A Limited Time To Connect Here are several things you can do to lose your prospects attention in the first five seconds of the conversation: Start a telephone conversation with, Hi, how are you? Open your conversation by introducing yourself, your company, and what you do. Make small talk about stuff you see in their office (awards, plaques, photos, etc.). Give them an overview of your products and services.
A Limited Time To Connect Explain how your product or service will benefit them. Tell them what companies you have worked with. Show them the awards and accolades your company's service has received. Give them a brochure that outlines your key services. Unfortunately, most sales people fail to effectively open the sales conversation with a new prospect.
Selling Issues First Impressions are critical –In the first 0-30 seconds of a sales call, the first response is always irrational first impression usually lasts first role-definition shapes the relationship –In the following 0.5 - 5 minutes the first impression will either be confirmed or altered future doors to the relationship will either be opened or closed
You are what Youre Selling Be sure the client/prospect sees what he/she wants: –Competence –Understanding –Interest –Respect –Energy –Comfort –Trust
Compelling Call Objectives Get through Instill urgency Create a positive image Generate information/receptivity Define the next steps Maintain control of the process
The Sales Call Know the prospect/customer before going in Have a strategy or plan Set reasonable call objectives Take notes Should there ever be a cold call?
Getting Through the Selling Barriers Gatekeepers Voice and e-mail Finding the right person/qualifying the prospect Creating interest in the interview Know the subject matter Know when to leave Create the follow-up action …. and own it!!
Handling the Price Objection What do you do when the prospective client says Your price is too high.? How do you overcome cheap?
Handling the Price Objection Customer controls the price perception You control the value proposition Jointly arrive at the cost If the value proposition is adequately posed, the perception of cost can be lowered. Price/Value = Cost Value = Benefits - Price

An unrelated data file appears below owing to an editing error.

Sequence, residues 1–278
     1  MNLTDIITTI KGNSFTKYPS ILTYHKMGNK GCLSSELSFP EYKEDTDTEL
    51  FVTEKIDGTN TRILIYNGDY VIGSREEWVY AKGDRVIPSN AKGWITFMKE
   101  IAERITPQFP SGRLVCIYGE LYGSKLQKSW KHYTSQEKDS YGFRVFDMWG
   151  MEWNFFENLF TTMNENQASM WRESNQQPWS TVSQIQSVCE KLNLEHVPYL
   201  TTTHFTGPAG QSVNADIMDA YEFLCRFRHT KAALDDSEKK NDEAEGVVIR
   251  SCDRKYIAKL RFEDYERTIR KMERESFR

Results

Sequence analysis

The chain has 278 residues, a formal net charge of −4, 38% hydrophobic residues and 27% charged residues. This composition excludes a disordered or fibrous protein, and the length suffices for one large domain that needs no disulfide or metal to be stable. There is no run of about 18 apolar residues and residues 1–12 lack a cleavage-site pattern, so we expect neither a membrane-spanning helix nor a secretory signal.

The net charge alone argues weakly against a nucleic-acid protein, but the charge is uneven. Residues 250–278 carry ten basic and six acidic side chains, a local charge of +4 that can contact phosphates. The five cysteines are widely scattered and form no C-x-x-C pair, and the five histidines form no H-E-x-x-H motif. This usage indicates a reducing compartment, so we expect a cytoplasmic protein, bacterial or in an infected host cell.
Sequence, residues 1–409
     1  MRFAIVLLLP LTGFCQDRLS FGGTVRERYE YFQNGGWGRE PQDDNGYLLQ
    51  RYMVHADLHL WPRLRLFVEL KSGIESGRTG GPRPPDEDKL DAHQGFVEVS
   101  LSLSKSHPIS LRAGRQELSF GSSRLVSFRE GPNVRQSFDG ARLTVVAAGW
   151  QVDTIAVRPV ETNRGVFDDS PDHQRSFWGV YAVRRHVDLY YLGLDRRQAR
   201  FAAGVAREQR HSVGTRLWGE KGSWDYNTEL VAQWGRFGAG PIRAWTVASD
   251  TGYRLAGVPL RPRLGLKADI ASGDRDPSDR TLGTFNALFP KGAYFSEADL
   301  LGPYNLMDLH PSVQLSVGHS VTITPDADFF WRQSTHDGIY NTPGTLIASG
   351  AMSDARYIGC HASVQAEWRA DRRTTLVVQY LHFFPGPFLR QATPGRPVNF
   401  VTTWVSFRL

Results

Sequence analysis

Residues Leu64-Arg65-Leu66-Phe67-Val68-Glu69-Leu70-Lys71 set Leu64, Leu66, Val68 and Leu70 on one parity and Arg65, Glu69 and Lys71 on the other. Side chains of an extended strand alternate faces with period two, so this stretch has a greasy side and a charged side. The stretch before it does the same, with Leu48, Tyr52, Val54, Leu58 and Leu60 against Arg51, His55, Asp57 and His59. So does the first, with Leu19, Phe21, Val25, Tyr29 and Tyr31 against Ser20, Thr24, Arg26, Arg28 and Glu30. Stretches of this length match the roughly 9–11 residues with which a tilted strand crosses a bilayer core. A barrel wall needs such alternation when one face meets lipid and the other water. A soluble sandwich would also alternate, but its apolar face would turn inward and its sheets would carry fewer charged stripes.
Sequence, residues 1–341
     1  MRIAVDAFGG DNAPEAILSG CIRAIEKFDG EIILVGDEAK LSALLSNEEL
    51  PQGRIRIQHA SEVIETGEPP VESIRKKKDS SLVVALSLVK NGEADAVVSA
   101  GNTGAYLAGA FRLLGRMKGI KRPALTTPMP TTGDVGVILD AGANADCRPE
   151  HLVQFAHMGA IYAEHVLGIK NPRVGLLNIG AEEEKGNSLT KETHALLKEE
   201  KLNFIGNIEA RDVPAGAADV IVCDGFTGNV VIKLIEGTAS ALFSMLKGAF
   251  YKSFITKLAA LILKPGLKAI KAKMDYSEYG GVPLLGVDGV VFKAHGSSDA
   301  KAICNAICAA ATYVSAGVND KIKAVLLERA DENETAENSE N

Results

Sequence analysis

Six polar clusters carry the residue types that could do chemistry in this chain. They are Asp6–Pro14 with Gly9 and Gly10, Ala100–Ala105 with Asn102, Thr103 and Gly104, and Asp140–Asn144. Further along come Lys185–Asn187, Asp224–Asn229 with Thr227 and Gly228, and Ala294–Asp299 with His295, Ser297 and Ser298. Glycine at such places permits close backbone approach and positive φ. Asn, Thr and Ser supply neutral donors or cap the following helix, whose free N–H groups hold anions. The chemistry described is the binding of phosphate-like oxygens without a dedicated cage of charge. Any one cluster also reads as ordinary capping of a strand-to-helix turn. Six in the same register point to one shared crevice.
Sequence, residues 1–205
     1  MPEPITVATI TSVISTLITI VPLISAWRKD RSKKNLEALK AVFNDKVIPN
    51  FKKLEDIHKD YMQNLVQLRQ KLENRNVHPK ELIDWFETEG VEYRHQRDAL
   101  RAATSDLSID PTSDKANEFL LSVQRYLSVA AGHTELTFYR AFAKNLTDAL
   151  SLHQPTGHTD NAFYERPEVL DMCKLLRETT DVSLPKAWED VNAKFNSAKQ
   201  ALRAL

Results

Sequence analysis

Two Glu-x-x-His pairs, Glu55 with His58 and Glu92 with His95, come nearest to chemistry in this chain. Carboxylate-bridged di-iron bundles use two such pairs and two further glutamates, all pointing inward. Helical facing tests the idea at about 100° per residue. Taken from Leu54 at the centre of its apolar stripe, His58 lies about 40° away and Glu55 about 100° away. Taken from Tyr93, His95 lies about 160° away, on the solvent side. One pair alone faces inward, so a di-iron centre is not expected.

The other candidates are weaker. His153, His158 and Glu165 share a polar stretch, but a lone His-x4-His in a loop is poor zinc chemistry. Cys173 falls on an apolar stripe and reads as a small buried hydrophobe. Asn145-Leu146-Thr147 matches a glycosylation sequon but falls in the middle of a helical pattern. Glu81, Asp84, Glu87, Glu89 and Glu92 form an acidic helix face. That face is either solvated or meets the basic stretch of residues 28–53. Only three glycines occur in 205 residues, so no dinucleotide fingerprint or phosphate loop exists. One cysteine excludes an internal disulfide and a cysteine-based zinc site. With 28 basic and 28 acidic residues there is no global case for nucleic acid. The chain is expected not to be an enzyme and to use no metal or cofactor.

Handling the Price Objection Remember buyers have a bargaining instinct Realize the buyer is working the price/value = cost formula in his/her mind; help them build up value and lower the cost Always probe the objection Translate features into advantages into benefits and build up value Remember (most) buyers fear cheap Recognize that your price is too high may be a buying signal.
Interviewing Interviewing techniques Asking questions –Closed-ended –Open-ended Taking notes Giving information to get information
Special Selling Techniques Cross selling (being aware of your surroundings) Referrals (Dont forget to ask) Seminars (brown bag, open house, issue driven, etc.) The Internet, as a –research tool –marketing venue –direct selling medium –a venue to deploy apps
Survey Results According to market research performed by several industry groups, it takes between 8-12 repetitions of the same message to achieve recognition. Most companies change their message after 6 attempts. It takes an average of 5 sales calls to move a prospective buyer from awareness to action. The average seller quits after 3 attempts. An average sales call today costs in excess of $740.
Life Cycles StartupGrowthMaturity New and Improved Decline Time
Life Cycles Company Organizational unit Service Market Customer Competition Understand the life cycles of these elements.
Know Your Service Line Cycles (Theyre getting compressed!) Growth GrowingAging/Declining New and Improved CommoditizationEntrepreneurial
Balanced Approach to Acquiring Work Pursue Job DevelopRelationship Win Where is your firm? Where do you want it to be? How big is the gap? How long will it take to close it?
The Core of the Work Week Bad Day Mondays and Fridays are Bad days Afternoons are generally bad MWTFT Poor call times Most productive Typical Work Week
The PM/PAs Role in Business In general, todays Marketer is expected to: –Find (or help find) the work –Win (or help win) the job –Ensure the timely delivery of services –Stay within ever increasing constraints of cost, quality, and time –Make a profit –Maintain the relationship –Collect (or help collect) the money –Find more business/work/relationships
The PM/PAs Role in Marketing Active participation in the planning process Maximizing the core of the work week Avoiding the Sell/Do trap Backfilling and support to enable marketing, selling, and business development, AND to distributing responsibilities for work assignments left hanging during the core of the work week Relationship management (repeat business) Involvement in key proposal efforts Project closeout
The Decision to Pursue Go/No-Go process –Formalize it and use it; the process helps build discipline and improves the hit rate –Determine unique selling points relative to the opportunity –Evaluate risk/return aspects of the opportunity –Is it a one-of-a-kind project; if so, why pursue it –Create an as good as you can be win strategy and commit the resources to it
Other Marketing/BD Considerations Trade Show Strategy Peer Organization Involvement Getting Published Developing a Valuable CRM System Clarifying Roles And Responsibilities (Mktg, Selling, BD) Other?
Current Trends and Observations Down-sizing/right-sizing Outsourcing Globalization Demographic shift Technology advancements The Internet and social networks Role changes (Marketing is now a mature business process affecting and involving all of us)